A group of teens with various styles of dress and attitude positioned in lecture hall seats in a Wood River High School classroom on a recent afternoon offered little that was apparent to tie them together.
But then the discussion turned to the reason they were there—which was to rehearse for a school play that opens tonight, Nov. 16, at the Liberty Theatre—and why many of them hooked up with the Wood River High School drama department, took a chance and gave acting a whirl. Basically, what had attracted them to branch out and be a part of "The Big Day," a series of comedy sketches by Pat Cook? Had they been influenced by the popularity of the sitcom "Glee"?
The answers were as distinct as the individuals expressing them. Turns out there are many good reasons to try out for the school play.
Because you want to be a star, of course, or you're a dedicated wallflower needing an excuse to extrovert yourself. Maybe graduation is closing in and you're looking to round out your extracurriculars. Or you're doing a co-worker a favor.
But if you stuck with it, they said, from the time you were given a part to the time you had worked your way into the heart, the wardrobe, the mannerisms of your role, something transformative had occurred. You're no longer the same person who walked in the door. You're still you, but you've accessed a part of yourself that you didn't know could be reached.
Where you lacked discipline, you now are inspired. Where you thought you had a shortcoming, you found out it was just missing a sensible perspective. Where you were reluctant, you now can be bold, even if it will require assuming a character to activate it in the real world.
And you've learned to learn in a different way, to express yourself better, to work as a team and to work around personalities.
"We aren't just a ragtag team," said freshman Caroline Scarbrough. "We wanted to do this, it was a choice for us and we have worked really hard to make it great."
It's a great platform for life, I said, where you'll find out that out there, people act much the same as they did in high school.
But you don't have to be the parents of these young people to know, after spending a few hours with them, that they've thrown themselves wholeheartedly into the production of "The Big Day," and have pulled together a very clever show with few props but their expressiveness as backdrops and scene setters.
The play was chosen in part because the normal venue at the Community Campus was under construction, so set-building was de-emphasized and character development took precedence.
"It also accommodates a lot of different styles," explained Karl Nordstrom, speech and drama teacher and Performing Arts Academy leader. "That's why we opened it up to the whole school and didn't limit it to the academy."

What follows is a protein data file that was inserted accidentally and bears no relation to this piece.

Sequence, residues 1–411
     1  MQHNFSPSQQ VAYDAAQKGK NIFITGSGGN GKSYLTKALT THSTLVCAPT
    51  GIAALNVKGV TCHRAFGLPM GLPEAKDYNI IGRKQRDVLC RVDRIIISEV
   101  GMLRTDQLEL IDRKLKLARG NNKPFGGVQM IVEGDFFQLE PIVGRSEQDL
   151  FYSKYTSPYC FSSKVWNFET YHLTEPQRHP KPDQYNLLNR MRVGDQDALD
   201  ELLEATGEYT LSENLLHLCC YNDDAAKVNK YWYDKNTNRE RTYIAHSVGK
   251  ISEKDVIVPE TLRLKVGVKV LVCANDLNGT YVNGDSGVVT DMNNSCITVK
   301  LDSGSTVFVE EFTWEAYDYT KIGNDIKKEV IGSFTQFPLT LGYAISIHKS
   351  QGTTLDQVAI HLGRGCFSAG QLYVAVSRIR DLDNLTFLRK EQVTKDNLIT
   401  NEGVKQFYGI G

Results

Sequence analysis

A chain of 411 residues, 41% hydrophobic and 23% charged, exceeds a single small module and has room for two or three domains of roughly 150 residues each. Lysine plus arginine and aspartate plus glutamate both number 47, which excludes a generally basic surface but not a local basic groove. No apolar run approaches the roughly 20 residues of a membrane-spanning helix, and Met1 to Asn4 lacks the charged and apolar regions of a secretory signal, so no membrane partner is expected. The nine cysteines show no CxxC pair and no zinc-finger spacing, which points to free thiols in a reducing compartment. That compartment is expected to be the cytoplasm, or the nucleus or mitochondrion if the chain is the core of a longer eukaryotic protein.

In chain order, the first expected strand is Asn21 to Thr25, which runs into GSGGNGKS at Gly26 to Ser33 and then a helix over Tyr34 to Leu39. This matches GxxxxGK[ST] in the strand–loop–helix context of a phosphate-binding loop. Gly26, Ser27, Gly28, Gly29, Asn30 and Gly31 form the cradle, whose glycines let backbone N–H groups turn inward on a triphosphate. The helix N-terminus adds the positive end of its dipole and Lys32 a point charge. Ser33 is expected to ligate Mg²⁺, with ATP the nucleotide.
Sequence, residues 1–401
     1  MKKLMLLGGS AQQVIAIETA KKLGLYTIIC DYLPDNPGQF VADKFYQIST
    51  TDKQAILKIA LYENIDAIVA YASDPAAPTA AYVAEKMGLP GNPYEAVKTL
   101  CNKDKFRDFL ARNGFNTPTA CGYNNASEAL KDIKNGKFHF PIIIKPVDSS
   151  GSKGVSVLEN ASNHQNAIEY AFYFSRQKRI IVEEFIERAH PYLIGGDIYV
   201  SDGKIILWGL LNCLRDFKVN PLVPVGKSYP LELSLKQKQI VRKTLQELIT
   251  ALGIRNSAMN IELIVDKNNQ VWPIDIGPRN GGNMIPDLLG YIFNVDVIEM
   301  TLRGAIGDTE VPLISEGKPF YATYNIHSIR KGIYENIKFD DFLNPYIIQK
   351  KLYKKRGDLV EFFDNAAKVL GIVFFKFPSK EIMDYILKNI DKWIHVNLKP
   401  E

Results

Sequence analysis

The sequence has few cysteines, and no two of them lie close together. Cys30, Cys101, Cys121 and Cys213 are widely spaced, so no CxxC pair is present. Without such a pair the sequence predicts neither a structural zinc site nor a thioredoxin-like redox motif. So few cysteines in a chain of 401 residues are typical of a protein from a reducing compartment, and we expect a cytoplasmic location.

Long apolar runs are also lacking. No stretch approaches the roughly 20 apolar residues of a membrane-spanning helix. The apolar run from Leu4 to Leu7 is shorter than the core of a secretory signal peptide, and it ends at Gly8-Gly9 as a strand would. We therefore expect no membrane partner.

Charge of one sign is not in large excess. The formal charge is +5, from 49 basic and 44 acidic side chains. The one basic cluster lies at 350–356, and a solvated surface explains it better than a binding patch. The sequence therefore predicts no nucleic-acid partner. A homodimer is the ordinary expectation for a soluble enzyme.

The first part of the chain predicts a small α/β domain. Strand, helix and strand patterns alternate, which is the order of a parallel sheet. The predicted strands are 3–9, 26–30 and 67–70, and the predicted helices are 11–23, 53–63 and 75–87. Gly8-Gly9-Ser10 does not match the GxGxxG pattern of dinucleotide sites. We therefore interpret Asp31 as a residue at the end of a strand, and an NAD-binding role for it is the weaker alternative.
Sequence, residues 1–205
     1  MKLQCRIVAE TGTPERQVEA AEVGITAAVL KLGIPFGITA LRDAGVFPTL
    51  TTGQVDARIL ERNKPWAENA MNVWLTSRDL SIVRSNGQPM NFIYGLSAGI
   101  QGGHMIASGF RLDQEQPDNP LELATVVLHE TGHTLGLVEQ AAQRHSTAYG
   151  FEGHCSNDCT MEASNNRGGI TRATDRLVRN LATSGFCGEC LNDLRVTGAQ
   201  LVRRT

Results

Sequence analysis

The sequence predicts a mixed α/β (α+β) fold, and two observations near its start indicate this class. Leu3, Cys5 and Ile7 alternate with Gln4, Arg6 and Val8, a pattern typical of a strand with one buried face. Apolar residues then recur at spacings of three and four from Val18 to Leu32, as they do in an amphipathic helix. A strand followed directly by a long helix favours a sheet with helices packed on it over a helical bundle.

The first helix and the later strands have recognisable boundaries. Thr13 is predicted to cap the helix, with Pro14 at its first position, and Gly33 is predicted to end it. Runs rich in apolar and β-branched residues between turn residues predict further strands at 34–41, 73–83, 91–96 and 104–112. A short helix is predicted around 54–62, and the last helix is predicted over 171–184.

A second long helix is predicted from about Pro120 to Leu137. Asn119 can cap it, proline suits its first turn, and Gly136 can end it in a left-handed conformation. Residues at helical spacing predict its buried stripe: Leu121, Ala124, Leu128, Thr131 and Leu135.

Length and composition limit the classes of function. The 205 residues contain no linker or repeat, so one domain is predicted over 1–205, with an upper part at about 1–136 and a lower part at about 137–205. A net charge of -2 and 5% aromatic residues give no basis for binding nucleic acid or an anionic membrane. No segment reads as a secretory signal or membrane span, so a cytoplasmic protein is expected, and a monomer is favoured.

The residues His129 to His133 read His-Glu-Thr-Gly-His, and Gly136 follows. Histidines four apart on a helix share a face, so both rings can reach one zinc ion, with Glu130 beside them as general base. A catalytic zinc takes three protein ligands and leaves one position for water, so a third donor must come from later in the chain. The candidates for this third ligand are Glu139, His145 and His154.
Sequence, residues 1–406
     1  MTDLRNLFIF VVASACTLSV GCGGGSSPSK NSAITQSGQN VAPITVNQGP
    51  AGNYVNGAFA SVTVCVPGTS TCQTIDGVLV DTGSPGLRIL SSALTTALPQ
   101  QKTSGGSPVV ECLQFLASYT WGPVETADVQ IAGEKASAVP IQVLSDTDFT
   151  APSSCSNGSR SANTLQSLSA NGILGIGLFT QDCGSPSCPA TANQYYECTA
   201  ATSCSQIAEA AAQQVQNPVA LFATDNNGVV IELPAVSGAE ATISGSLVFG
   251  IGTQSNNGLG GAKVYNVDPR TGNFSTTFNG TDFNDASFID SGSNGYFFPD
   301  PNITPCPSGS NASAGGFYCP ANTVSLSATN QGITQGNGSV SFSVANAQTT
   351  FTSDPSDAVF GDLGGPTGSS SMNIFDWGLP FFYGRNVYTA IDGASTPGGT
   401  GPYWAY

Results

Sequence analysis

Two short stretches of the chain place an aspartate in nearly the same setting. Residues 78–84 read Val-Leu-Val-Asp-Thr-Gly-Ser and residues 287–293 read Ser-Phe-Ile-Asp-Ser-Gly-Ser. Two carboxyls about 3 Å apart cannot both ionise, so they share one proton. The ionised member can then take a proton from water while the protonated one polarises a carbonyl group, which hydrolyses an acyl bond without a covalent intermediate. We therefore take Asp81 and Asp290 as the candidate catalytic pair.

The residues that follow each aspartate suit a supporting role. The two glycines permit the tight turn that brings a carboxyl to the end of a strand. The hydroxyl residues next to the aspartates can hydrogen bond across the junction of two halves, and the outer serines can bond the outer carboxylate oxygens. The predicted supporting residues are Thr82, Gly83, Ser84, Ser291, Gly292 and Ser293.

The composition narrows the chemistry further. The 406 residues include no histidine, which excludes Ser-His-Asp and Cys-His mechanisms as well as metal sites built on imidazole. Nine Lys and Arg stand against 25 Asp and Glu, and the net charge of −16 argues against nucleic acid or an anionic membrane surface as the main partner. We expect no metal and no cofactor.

Freshman Abigail Barton said the experience has required a lot more commitment and hard work than she expected.
However, she said, "I'm doing something that made me step out of my comfort zone and it makes me more confident. I feel like it's inspired a lot of people to show what they can do and shine."
Senior Amanda Stelling said graduation is just around the corner for her.
"I hate talking in front of people," she said. "I joined last year to get over that. Now that I can get into character, it's going to help me a lot with my senior project."
It was a need to bravely expand his personality from just being the congenial guy to one with more dimensions that drew sophomore Omar Ocampo to act.
"I wanted to change some pre-conceived notions about me," he said.
The real thing is less dramatic than what is shown on "Glee," said the actors, and Nordstrom clarified that there are no diabolical Sue Sylvester types trying to undermine the efforts of the drama department. In fact, he encourages his ensemble to go to other clubs' and organizations' activities, a support that he hopes to see reciprocated.
"The district is big on implementing skills the kids will need for the 21st century," Nordstrom explained. "They want them to learn how to problem-solve and think critically."
"It's so clearly project-based learning," said math teacher Marcia Grabow, who plays Nordstrom's character's wife in a vignette. "I've never been involved in a play before and I had no idea what the process was. It's an amazing one. One thing I'd say is the students are completely on task—very present. It's been amazing to see how the process grows and deepens along the way. And I find myself projecting better in the classroom."
It also shows them the effect their commitment has on others.
"It's frustrating when someone isn't pulling their share and you can see how it affects other people," said freshman Allie Jones. "The best part is being able to bring your own quirks and snorts to the role."
Sophomore Wyatt Caccia is a debater looking for a "way to express myself in a more subjective way."
"It's the best feeling ever," he said.
For Alabama transplant Scarbrough, what started out as a way to make friends evolved into the satisfaction of a dream she harbored but never acted on before.
"I couldn't wait to get to high school to try for a big production," she said. "This has been everything I hoped for and more. I found a way to find something in common with people I never thought I would."
Sophomore Drake Arial was a freshman exception to the academy last year, having shown the chops, Nordstrom said, to go far.
"It's what I do—it's just something I really love and it's who I am," Arial said. "I have to say I've been very impressed with everyone I've been working with—they've been working really hard to get into their characters, which is a little harder when there aren't big sets behind you. It's keeping me on my toes."
The Big Day
- Today, Nov. 16, to Saturday, Nov. 19. 7 p.m.,
- Liberty Theatre, Hailey.
- Tickets $8 adults, $5 students and seniors.